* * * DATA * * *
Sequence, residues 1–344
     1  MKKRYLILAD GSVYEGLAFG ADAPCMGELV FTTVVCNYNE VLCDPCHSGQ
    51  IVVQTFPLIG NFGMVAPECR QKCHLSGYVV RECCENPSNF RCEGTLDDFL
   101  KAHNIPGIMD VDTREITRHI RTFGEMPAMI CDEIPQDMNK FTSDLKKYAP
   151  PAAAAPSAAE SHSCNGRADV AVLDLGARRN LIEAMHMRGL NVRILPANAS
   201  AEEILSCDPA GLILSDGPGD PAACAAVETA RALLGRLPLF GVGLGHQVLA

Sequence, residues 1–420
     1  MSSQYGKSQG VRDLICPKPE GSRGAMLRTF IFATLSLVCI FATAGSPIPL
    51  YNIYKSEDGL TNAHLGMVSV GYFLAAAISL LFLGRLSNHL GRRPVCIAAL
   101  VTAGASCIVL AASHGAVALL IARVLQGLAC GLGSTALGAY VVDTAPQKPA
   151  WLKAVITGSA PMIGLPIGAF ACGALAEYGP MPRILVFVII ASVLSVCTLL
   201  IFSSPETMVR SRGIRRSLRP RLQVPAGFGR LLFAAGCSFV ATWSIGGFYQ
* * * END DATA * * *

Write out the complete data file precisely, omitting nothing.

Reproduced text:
Sequence, residues 1–344
     1  MKKRYLILAD GSVYEGLAFG ADAPCMGELV FTTVVCNYNE VLCDPCHSGQ
    51  IVVQTFPLIG NFGMVAPECR QKCHLSGYVV RECCENPSNF RCEGTLDDFL
   101  KAHNIPGIMD VDTREITRHI RTFGEMPAMI CDEIPQDMNK FTSDLKKYAP
   151  PAAAAPSAAE SHSCNGRADV AVLDLGARRN LIEAMHMRGL NVRILPANAS
   201  AEEILSCDPA GLILSDGPGD PAACAAVETA RALLGRLPLF GVGLGHQVLA

Sequence, residues 1–420
     1  MSSQYGKSQG VRDLICPKPE GSRGAMLRTF IFATLSLVCI FATAGSPIPL
    51  YNIYKSEDGL TNAHLGMVSV GYFLAAAISL LFLGRLSNHL GRRPVCIAAL
   101  VTAGASCIVL AASHGAVALL IARVLQGLAC GLGSTALGAY VVDTAPQKPA
   151  WLKAVITGSA PMIGLPIGAF ACGALAEYGP MPRILVFVII ASVLSVCTLL
   201  IFSSPETMVR SRGIRRSLRP RLQVPAGFGR LLFAAGCSFV ATWSIGGFYQ